In 1888 Samuel Katz was listed as a general agent for real estate for Manhattan Life Insurance Company, residing with his in-laws at 2113 Douglas Street. And in 1889 the Samuel Katz living on Douglas Street (now 2111) was working for Polack Clothing Company, the same company that employed his brother-in-law Lafayette. This was presumably the business of Alex Pollock (as it was later spelled), brother-in-law of both Samuel Katz and Lafayette Rothschild.In 1890 my Samuel Katz was part owner of a clothing manufacturing business with Charles Nevins (later spelled Nevens) and William Rees and was still living at 2111 Douglas Street. Meanwhile, Samuel Katz the tailor was still living on 12th Street. Samuel Katz of 2111 Douglas Street continued to be listed with Katz-Nevens-Rees in the Omaha directories for each year between 1890 and 1895, although in 1895 there was a second listing for a Samuel Katz who was a grading contractor living on 11th Street. Every directory from 1895 up to 1899 had these two listings for Samuel Katz, but which one was my relative—the clothing manufacturer at 2111 Douglas Street or the grading contractor at 11th Street? On the 1900 census my Samuel Katz was living at 2111 Douglas Street—that is, the address of the Samuel Katz who was the clothing manufacturer with Nevens and Rees, according to the Omaha directories.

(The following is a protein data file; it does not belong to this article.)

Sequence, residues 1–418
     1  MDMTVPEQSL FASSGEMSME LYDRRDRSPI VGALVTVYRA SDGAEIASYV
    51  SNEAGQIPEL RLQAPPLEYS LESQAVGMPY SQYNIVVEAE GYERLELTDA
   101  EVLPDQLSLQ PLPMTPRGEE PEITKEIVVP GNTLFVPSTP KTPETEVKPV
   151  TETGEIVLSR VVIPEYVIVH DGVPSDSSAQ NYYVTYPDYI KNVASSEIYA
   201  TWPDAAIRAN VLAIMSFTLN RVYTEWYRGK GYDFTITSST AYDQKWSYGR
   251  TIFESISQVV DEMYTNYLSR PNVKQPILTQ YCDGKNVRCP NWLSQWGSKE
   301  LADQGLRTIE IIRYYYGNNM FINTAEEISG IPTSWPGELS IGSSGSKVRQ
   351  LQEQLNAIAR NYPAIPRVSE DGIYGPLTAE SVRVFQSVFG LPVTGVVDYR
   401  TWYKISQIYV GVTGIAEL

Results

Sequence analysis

But doesn’t it look like the occupation for that Samuel Katz on that 1900 census says “Contr-Grd”? As in grading contractor? Was he both a clothing manufacturer AND a grading contractor? Or did every issue of the Omaha directory for all those years have the two men named Samuel Katz mixed up?
I was so confused….until I looked more carefully at the 1899 directory listing. And I noticed that the Katz-Nevens clothing company was located at 204 South 11th Street, the same address where the grading contracting business, Samuel Katz & Co, was located. Samuel Katz was in fact in both the clothing business and the grading contracting business.But there were more mysteries to be solved, such as who was Bertha Katz, residing at 2111 Douglas Street and working as a stenographer for Katz-Nevens? And how did Samuel Katz end up in two very different businesses?
TO BE CONTINUED